Enemy vilification framework the depiction of the

Info iconThis preview shows page 1. Sign up to view the full content.

View Full Document Right Arrow Icon
This is the end of the preview. Sign up to access the rest of the document.

Unformatted text preview: invaders (N), and surrender (V, N). Group two is constituted by the words in which the ‘physical violence’ and the military sense compete with each other and it is difficult to claim with any degree of certainty whether they are an indication of the X IS WAR or the X IS A HAND-TO-HAND COMBAT metaphors. They are attack (N) and fight (V). The third and fourth group should not be taken as an indication of the X IS WAR metaphor. The third group includes attack (V), conflict (N) and fight (N). Attack (V) and fight (N), on the basis of the frequency of their ‘physical violence’ sense can be considered as expressions of the X IS A HAND-TO-HAND COMBAT. Conflict (N), from the fourth, one-element group, is so general that when it is used about ARGUMENT, SPORT, WAR etc it can be considered as a statement of inclusion; a generalisation, often perhaps euphemistic, rather than a metaphorization. These results are summarised in Table 8 below. Table 8. Summary of the results Group I: good indicators of WAR as source of conceptual metaphor Group II: ambiguous between WAR and HAND-TO-HAND COMBAT as source Group III: good indicators of HAND-TO-HAND COMBAT as source Group IV: general hyponym for the interaction of competing forces bombard (V) fighting (N) invade (V) invasion (N) invaders (N) surrender (V, N) attack (N) fight (V) attack (V) fight (N) conflict (N) Concluding, the high frequency of senses other than military, in the case of the investigated words – the ‘physical violence’ sense – should be Words from the lexical field of war and their metaphoric potential 229 taken as an indication that these words may not be a lexical realization of the underlying conceptual metaphor X IS WAR. Instead, they may be a manifestation of the X IS HAND-TO HAND COMBAT conceptual metaphor. This does not necessarily mean that if the military sense predominates, then its metaphoric extension will be evidence of the X IS WAR metaphor. For example, in sentence (11) below, the word bomb does not seem to evoke the X IS WAR conceptual metaphor: (11) So has a summer of bombing round country lanes and setting psychics loose in the circles helped him figure out whether whirlwinds, UFOs or tabloid journalists are responsible? [ACP 2088] In this example the verb bomb clearly has little to do with seeing a trip in the country as war. The effect of the metaphor seems to be limited to highlighting the fast, frantic movement. As has been indicated in the introduction to the present chapter, many scholars working in the cognitive discourse analysis noted the problem of identification of source domains for metaphors. Investigation of naturally occurring discourse is not as clear as introspection, as there is only as much context as the text producer gave and it cannot always fulfil the requirements of linguistic analysis and interpretation. In this chapter an attempt has been made to show that a corpus-based analysis of the words considered the indicators of a specific domain may show which non-metaphoric s...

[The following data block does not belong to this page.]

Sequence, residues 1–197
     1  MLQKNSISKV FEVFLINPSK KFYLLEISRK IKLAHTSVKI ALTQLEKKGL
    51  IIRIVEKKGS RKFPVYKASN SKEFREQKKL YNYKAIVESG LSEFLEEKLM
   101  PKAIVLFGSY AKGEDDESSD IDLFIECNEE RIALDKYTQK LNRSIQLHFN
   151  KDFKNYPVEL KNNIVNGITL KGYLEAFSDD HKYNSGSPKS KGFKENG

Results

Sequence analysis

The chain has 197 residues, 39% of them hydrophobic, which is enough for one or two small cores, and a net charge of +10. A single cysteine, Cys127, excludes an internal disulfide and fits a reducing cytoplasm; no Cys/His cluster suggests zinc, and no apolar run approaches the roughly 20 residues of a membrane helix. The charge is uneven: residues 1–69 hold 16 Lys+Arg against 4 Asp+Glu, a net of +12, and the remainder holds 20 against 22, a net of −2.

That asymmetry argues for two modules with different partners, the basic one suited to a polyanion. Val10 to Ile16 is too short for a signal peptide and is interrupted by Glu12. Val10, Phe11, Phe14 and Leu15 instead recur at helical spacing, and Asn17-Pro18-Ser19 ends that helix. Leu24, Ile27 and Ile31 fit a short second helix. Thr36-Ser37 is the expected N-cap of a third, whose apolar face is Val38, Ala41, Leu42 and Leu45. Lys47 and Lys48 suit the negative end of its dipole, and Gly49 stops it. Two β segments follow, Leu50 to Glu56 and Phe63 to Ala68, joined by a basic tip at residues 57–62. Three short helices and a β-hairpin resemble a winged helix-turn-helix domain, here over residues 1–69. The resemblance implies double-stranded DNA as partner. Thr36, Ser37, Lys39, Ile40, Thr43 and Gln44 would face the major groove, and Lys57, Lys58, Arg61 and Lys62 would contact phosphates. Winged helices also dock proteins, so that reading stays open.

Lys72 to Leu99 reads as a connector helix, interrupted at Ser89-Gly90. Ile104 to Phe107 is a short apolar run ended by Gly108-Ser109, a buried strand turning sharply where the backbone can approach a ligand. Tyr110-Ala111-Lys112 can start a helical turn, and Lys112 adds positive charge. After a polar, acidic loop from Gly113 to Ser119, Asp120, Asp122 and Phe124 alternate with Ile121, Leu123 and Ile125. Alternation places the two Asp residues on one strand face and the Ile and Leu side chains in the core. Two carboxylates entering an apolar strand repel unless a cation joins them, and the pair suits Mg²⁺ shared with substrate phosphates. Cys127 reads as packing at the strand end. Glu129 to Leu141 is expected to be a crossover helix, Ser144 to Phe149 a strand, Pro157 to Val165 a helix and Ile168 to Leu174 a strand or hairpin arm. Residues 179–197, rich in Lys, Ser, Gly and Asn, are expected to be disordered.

View Full Document

This essay was uploaded on 02/24/2014 for the course LING 1100 taught by Professor Friedman during the Fall '09 term at Cornell University (Engineering School).

Ask a homework question - tutors are online